September 01, 2010

Hillsburgh Fun Day tour brought history to life

As published in The Erin Advocate

There is a big difference between reading about history and hearing stories from someone who has lived through them. That's why it was so interesting to take a tour of downtown Hillsburgh with long time resident Ivan Gray, during the recent Family Fun Day.

He provided a refresher on the earliest days of the village (before his time, which started in 1936). Naturally, someone asked if Hillsburgh named for the local hills. As most residents know, it was initially Howville, after William How who founded the settlement in 1821, then built a general store and trading post. In 1823, however, Nazareth Hill arrived, built the first hotel, surveyed the area and put his name to the village.

Gray took about 15 people on a tour, with commentary on the churches, businesses and Victorian homes, and showed photos of lost buildings that were once part of a strong downtown business district.

It is fascinating to hear some of the details, like how buggies were built in the Royal Bank building, or about slot machines at the soda bar. The once-classy Exchange Hotel, built about 1883, used to rent out horses and buggies so that tourists could tour the countryside. It was eventually converted to a restaurant and apartments, and is unused now, but Gray remembers it as a great place to play pool, and that it was once home to one of the first TVs in the village.

One of Gray's jobs was doing auto repairs for the McLaughlin family business, across the street from the current arena, which included an early Chev-Olds dealership. There was once a harness shop in that area, and in the 1940s an egg grading station. The village had several gas stations, but in those days there were virtually no cars on the road during the winter, allowing for wide open sled rides from the top of the hill, all the way to Station Road.

The two-storey Town Hall was built in 1887 by the Oddfellows and the Workmen Societies, and it was the scene of many dances and shows. The building was bought in 1962 by Bruce Morette for his furniture business, expanding from the factory he had established in 1958 at the former potato storage building near the CPR tracks.

Churches played a big role in the community, with the Baptists organizing in 1853 and building their church in 1862. Presbyterians formed a congregation in 1860 and built their church in 1869, named St. Andrew's in honor of their Scottish ancestry. The Hillsburgh Christian Church building, now home to Century Church Theatre, dates back to 1906. Hillsburgh United Church was built in the 1926, after the partial amalgamation of the Presbyterian, Methodist and Congregationalist Churches in Canada.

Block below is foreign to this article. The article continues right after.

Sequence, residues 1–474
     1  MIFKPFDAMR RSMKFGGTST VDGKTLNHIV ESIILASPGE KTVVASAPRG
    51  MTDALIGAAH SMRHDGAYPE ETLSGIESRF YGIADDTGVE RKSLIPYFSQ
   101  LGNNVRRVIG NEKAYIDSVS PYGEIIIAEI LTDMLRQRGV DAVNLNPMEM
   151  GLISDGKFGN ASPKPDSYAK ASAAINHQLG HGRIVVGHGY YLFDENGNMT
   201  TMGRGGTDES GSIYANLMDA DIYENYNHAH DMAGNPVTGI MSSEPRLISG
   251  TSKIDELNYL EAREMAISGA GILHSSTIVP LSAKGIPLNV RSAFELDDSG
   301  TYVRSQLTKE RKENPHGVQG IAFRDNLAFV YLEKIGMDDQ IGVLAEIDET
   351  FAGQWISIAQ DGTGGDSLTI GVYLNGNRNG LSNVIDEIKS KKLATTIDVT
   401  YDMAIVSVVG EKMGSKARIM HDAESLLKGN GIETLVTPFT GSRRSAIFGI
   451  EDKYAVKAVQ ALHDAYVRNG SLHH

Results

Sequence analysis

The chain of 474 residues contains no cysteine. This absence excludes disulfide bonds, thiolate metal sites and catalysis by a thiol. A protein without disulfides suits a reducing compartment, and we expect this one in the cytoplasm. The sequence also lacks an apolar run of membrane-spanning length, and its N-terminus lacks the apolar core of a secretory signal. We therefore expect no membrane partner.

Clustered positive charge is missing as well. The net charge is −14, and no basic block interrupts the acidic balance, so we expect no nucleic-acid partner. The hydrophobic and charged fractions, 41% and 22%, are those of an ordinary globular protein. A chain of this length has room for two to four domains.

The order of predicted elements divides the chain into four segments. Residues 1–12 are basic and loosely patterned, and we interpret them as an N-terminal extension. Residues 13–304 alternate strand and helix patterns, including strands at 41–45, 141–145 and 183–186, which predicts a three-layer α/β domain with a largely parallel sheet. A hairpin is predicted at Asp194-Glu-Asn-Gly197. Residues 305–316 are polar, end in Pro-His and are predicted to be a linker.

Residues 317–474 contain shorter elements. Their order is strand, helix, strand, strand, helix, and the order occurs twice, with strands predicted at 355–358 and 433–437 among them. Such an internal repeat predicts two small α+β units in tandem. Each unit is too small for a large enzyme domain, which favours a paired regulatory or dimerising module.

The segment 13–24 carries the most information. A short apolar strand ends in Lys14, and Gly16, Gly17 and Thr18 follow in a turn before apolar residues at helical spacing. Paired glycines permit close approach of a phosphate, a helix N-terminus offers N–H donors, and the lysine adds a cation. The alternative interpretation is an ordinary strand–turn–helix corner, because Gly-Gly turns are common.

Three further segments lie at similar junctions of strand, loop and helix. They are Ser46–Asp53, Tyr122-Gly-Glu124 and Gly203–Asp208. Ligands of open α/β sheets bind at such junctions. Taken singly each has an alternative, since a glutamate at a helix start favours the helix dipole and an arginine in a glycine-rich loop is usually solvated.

The Anglican church was used from the 1890s until about 1918, then was eventually bought by Gray's father, who was a beekeeper. He converted the building to a honey extracting plant, which became known as the "honey house".

As with many communities, Hillsburgh's history is marked by major fires. Despite public pressure, there was still no fire department in the village in 1965 when St. Andrew's Church was destroyed by flames in February 1965. The organ was saved, but only the stone walls remained standing.

The church was rebuilt in just over a year, but people were tired of relying on the Erin fire department and minimal equipment in the village. "There was a hue and cry," said Gray. Many felt the church could have been saved if Hillsburgh had had its own fire department. In the fall of 1965, the township responded, stationing a fire truck in a building right beside the river. Gray was the first fire chief.

Obviously, these are just a few highlights from a rich local history. For those wanting to know more, Hillsburgh's Heyday by Patricia Kortland is available at the library. It was published in 1983 by Boston Mills Press, and while Gray notes that it has a number of inaccuracies, it is still a fascinating collection of photos and stories.

The "About Erin" section of the Town website ( has a lengthy township history article that deals with Hillsburgh, and if you type Hillsburgh History into the Google search, the first hit will be a village history, courtesy of the Carmichael family. The second is a history of the Exchange Hotel, one of several Hillsburgh articles on the Town website by historian Steven Thorning. Perhaps Ivan Gray will also publish his stories, for the enjoyment of future generations.